Can Twitter Seize the Desktop?

Twitter is, I agree making a play for the desktop, but I'm not sure that Mashable’s Jennifer Van Grove is right when she contends the new interface “effectively makes Twitter desktop clients irrelevant in the long run.”

By making richer, for example adding the ability to view media like photos and video right on rather than going to the place the media live, Twitter wants to see more traffic to, see more people use it on the Web through a browser. The move has been characterized as a way to compete with Facebook. It would also, as Grove asserts, mean people use the browser instead of clients like Seismic or Hootsuite or Tweetdeck.
But is being more like Facebook the way to take it too Facebook? And will users give up their use of Seismic or Tweetdeck or Hootsuite?

Part of the brilliance of Twitter's launch and spread has been its open API, that it isn't a Web service that requires someone to even open a browser, but allows so many other applications and interfaces to attach to it. Each of the three interface applications above -- and a bevy of others -- provide special functionality and ways of using the service. Twitter has effectively crowdsourced product development, what businesspeople might call brand or line extensions of Twitter, coming up with new offshoots that enhance and update the product, and even (unlike a line extension, usually) make the original more valuable.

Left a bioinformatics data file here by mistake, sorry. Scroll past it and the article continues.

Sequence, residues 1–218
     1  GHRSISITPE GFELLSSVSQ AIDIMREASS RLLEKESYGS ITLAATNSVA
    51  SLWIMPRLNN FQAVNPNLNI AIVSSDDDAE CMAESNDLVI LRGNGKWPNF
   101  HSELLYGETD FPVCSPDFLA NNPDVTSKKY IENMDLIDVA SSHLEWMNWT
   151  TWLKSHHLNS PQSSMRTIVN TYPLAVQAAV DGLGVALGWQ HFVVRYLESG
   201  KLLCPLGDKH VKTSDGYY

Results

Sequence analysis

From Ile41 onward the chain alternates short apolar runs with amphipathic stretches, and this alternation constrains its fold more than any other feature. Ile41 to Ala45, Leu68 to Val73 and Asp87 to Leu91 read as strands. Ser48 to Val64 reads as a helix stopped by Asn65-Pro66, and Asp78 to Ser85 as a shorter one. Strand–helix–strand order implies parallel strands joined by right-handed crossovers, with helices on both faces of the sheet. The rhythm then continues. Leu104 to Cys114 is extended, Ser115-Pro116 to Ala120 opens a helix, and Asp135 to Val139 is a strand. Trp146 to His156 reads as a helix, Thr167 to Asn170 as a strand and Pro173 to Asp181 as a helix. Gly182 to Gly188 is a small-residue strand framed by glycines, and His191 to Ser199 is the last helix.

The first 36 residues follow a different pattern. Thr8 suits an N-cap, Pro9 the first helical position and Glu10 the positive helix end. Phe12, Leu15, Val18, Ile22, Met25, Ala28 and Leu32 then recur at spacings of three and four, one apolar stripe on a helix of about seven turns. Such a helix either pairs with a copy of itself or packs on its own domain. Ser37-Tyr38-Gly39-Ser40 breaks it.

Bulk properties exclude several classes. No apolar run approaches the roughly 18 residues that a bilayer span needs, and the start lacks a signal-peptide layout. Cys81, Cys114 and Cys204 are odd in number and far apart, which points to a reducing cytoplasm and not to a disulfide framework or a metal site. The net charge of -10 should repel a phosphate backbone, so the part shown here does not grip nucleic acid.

Many have already learned these clients, and come to rely on their functions. A Twitter exec, in making the announcement, noted that there is still not a way to manage multiple accounts with different logons from their interface, which is a significant business use of Twitter. My company often manages multiple accounts, and people working with us are in multiple locations. We sometimes want to cross-post, sometimes keep things separate. Services like Hootsuite and Co-Tweet also allow different kinds of permissioning, so someone can be allowed to Tweet from an account without having administrative access, can be centrally tracked, and also be de-permissioned.

OK, "the long run" pretty much gives an out. You can always say "we're not there yet." (I've done that myself, truth be told.) Maybe Twitter will incorporate the juiciest functionalities in its Web interface, or even buy some of the popular clients, and weave it all together. Maybe they'll somehow limit functionality of the API or take more control of it. Was it Biz Stone (I was listening, not watching) at the news conf yesterday who said that Twitter was also updating its back end functionality.

I don't doubt the validity of what Twitter is doing from their own business perspective. More people will use Twitter on, giving Twitter more access to their users, more ability to control the experience, and more ways to -- as others have noted -- serve them advertising. Twitter sees ads as being within the content stream, not separate from it, which is also smart from a business perspective. If I were a publisher or a marketer, I would pay attention, and make sure my material were showing up correctly on But I would also continue to keep my eye on the popular Twitter clients.

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